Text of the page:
In our next installment of the Student Experience Column, Megan Crayon, University of Maryland student and archivist at the MD State Archives, discusses balancing her various worlds and responsibilities, and leveraging opportunities that emerge.
I am enrolled in a dual-masters program the University of Maryland, College Park, pursuing a dual MLS and MA in History, and I work full time as an archivist at the Maryland State Archives—plus the other realities and responsibilities of life. There are days that I have seriously questioned if I can handle so many responsibilities. I mean, I’ve had others (gently) ask me if I’m over-extending myself. And I am not certain of the answer. I was so excited when I applied to my program, after years of contemplation, and now…now I need reminders about why I’m pursuing graduate education. And reminders that it’s normal for it to be a bit overwhelming. This post is for all my fellow insanely busy people–working hard and pursuing your education, regardless of your individual set of circumstances.
One of the biggest mind games I’ve had to fight against is the temptation to compare my life (academic, personal, and professional) against those of my classmates and colleagues. It can be overwhelming to know that the person sitting next to you is taking a heavier course load than you are, maintains a professional blog, volunteers for student organizations, and has a social life–especially when it can be a fight for me to simply continue to get to work on time and maintain my course work. In fact, I missed a couple of the deadlines I made for myself in writing this post! Sometimes I can almost feel myself sinking in my seat at the, “What do you do?” question. I know that I’m going to be blown away by some of my classmates and all they have accomplished, and I’m probably going to have to fight feeling a bit inadequate. That’s when I try to keep in mind two of the biggest pieces of advice I received going into this graduate school adventure: 1) Respect your limits 2) Understand that everyone has limits, but because they are different limits than yours, they may not be easy for you to see (hence the feeling I get that some people actually have more hours in their day than I do). I want to make the most of my academic and professional experiences and not worry about all I could be doing if I was that person over there.
I’m in my fourth semester, and so far I’ve learned a few really simple strategies that have helped me to glean a lot from grad school, despite my limitations:
The first is to take advantage of the experiences of classmates around you. It is hard to develop a network of fellow students when you are not on campus all the time and the people you started the program with will finish long before you. However, I’ve tried to leverage the fact that my classmates have more credits under their belt, and have used them as a resource for figuring out what classes to take (and what to avoid). Most of the people I’ve interacted with have been incredibly kind and willing to share wisdom from their experiences. They may be able to tackle more at once than I can, but I can use that to my advantage. Even knowing ahead of time that a particular class will be really dry helps me to gear up and make a plan for how to make it through.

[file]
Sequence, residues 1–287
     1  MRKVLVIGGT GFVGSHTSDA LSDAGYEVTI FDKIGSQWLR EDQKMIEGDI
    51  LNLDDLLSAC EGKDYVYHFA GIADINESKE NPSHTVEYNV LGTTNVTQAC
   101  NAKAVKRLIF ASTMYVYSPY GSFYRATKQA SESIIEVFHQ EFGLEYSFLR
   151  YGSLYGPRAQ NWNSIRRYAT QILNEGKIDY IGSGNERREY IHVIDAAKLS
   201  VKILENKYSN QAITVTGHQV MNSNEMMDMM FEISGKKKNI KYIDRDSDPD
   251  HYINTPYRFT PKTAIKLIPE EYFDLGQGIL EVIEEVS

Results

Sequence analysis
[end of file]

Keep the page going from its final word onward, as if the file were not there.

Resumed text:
Along the same lines as the first strategy, my second strategy has been to mine the wisdom of my colleagues. I have been so blessed to have a job in the field for several years, so I had some established relationships prior to starting school. (In fact, one of my work mentors was the first person to advise me not to bite off too many classes at once.) Sometimes the idea of driving to campus for one of the career panels, or to talk to a professor, is just too much. I’ve been at work, I’m tired, and I have homework hanging over my head. But it is really manageable to email a colleague and ask if they have a half hour to sit and answer questions about their work, and how they pursued the path to where they are now. I have found great inspiration in and encouragement by picking the brains of the people I work with. Some of what they say rivals the learning of any classroom. (Added bonus: they often ask you questions too, which allows an avenue for solidifying in your own mind why you are doing what you are doing. And they become allies and cheerleaders in your adventure.)
My path to my degree does not look like everyone else’s, or even how I imagined it. But learning to see that as an advantage, and not a handicap, is enabling me to look at this as an adventure. In adventures, there are fellow travelers, who can teach me a lot. And that’s worth at least as much as the final destination.
Megan Craynon is a graduate student in the HiLS program, at University of Maryland, College Park working toward an MLS as well as an MA in History. She has been an archivist at the Maryland State Archives since 2011, and is currently working in the Administration department.